Myocarditis neonatorum (cardiac infection at birth) is caused by group B coxsackieviruses, some echoviruses, and human parechoviruses. It causes fever and heart failure and has a high mortality rate.

Neonatal infection

Usually, several days after birth, the neonate suddenly develops a syndrome resembling sepsis with fever, lethargy, disseminated intravascular coagulation, bleeding, and multiple organ (including heart) failure. Central nervous system, hepatic, myocardial, pancreatic, or adrenal lesions may occur simultaneously.

Recovery may occur within a few weeks, but death may result from circulatory collapse or, if the liver is involved, liver failure.

Rashes

Certain coxsackieviruses, echoviruses, and human parechoviruses may cause rashes, often during epidemics. Rashes are usually nonpruritic, do not desquamate, and occur on the face, neck, chest, and extremities. They are sometimes maculopapular or morbilliform but occasionally hemorrhagic, petechial, or vesicular. Fever is common. Aseptic meningitis may develop simultaneously.

The course is usually benign.

Respiratory infections

These infections may result from enteroviruses. Symptoms include fever, coryza, pharyngitis, and, in some infants and children, vomiting and diarrhea. Bronchitis and interstitial pneumonia occasionally occur in adults and children.

The course is usually mild but can be severe as evidenced by the 2014 enterovirus D68 outbreak.

General references

  • 1. Greninger AL, Naccache SN, Messacar K, et al: A novel outbreak enterovirus D68 strain associated with acute flaccid myelitis cases in the USA (2012-14): A retrospective cohort study. Lancet Infect Dis 15(6):671–682, 2015. doi: 10.1016/S1473-3099(15)70093-9.

  • 2. Sejvar JJ, Lopez AS, Cortese MM, et al: Acute flaccid myelitis in the United States, August-December 2014: Results of nationwide surveillance. Clin Infect Dis 63(6):737-745, 2016. doi: 10.1093/cid/ciw372.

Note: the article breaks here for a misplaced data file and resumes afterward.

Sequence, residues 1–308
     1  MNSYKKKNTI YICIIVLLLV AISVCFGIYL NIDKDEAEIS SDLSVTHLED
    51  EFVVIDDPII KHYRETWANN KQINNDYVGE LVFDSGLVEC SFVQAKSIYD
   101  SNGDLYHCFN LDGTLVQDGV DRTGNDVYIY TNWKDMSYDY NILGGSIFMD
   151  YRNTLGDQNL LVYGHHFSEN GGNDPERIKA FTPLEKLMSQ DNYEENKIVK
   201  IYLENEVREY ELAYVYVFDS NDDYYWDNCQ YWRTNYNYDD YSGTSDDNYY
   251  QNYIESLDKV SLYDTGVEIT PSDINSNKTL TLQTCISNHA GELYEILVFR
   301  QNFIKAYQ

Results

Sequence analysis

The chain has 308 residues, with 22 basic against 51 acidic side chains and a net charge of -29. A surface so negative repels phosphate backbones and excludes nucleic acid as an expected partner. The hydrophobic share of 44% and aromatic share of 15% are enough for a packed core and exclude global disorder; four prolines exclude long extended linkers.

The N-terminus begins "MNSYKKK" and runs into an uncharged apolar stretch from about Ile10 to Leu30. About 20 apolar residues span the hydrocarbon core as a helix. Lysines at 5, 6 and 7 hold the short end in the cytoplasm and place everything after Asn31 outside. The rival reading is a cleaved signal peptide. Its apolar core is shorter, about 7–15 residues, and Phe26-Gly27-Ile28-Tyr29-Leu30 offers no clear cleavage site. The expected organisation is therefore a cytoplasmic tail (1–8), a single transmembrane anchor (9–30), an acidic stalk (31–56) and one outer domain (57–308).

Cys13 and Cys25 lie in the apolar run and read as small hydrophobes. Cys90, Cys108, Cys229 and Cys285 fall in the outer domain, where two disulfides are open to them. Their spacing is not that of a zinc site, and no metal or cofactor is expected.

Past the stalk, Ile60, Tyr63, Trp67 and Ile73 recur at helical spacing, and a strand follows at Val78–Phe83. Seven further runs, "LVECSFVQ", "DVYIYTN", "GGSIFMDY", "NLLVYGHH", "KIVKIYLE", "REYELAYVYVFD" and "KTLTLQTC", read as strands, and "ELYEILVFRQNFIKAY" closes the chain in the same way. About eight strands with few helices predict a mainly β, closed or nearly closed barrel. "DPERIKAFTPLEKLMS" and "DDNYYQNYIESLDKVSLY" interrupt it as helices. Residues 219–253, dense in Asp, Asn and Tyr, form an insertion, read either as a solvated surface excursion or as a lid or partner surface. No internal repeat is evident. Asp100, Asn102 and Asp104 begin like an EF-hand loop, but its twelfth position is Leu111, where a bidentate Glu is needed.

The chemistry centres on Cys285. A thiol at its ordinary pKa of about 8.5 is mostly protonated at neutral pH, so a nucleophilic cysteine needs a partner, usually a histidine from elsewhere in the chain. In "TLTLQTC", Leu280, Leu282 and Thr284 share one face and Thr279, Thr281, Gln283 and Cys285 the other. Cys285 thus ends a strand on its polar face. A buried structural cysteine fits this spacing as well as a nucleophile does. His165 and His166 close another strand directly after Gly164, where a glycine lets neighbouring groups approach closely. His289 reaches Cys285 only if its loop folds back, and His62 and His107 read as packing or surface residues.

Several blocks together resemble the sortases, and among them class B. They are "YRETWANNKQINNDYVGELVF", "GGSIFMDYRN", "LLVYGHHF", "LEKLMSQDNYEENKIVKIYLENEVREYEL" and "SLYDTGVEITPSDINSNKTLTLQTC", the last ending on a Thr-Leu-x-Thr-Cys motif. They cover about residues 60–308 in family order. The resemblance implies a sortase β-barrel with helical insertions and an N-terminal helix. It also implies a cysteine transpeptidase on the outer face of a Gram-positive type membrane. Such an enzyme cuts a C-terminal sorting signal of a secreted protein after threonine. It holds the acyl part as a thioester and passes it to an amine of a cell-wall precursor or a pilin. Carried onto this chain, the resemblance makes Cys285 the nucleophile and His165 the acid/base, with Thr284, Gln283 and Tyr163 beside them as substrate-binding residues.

• 3. Kujawski SA, Midgley CM, Rha B, et al: Enterovirus D68-associated acute respiratory illness - New Vaccine Surveillance Network, United States, July-October, 2017 and 2018. MMWR Morb Mortal Wkly Rep 68(12):277-280, 2019. doi: 10.15585/mmwr.mm6812a1. 

Diagnosis

  • Clinical evaluation

  • Sometimes culture or reverse transcriptase–polymerase chain reaction (RT-PCR)

Diagnosis of enteroviral diseases is usually clinical.

Laboratory diagnosis is usually unnecessary but can often be made by

  • Culturing the virus

  • Detecting viral RNA using RT-PCR

  • Less commonly, demonstrating seroconversion

Enteroviruses that cause aseptic meningitis can be detected in a sample from the throat, stool, blood, or cerebrospinal fluid with RT-PCR tests done on blood and cerebrospinal fluid. However, human parechoviruses are not identified by most standard enterovirus RT-PCR tests; specific parechovirus RT-PCR testing is required. Commercially available multiplex PCR panels for respiratory pathogens often cannot distinguish between rhinoviruses and enteroviruses.

Treatment

  • Supportive

Treatment of enteroviral disease is supportive.

Patients with agammaglobulinemia are treated with IV immune globulins with variable success.

The oral antiviral drug pleconaril, which has shown activity against a number of picornaviruses, is being investigated for treatment of severe neonatal enteroviral disease (1).

Treatment reference

  • 1. Abzug MJ, Michaels MG, Wald E, et al: A randomized, double-blind, placebo-controlled trial of pleconaril for the treatment of neonates with enterovirus sepsis. J Pediatric Infect Dis Soc 5 (1):53–62, 2016. doi: 10.1093/jpids/piv015.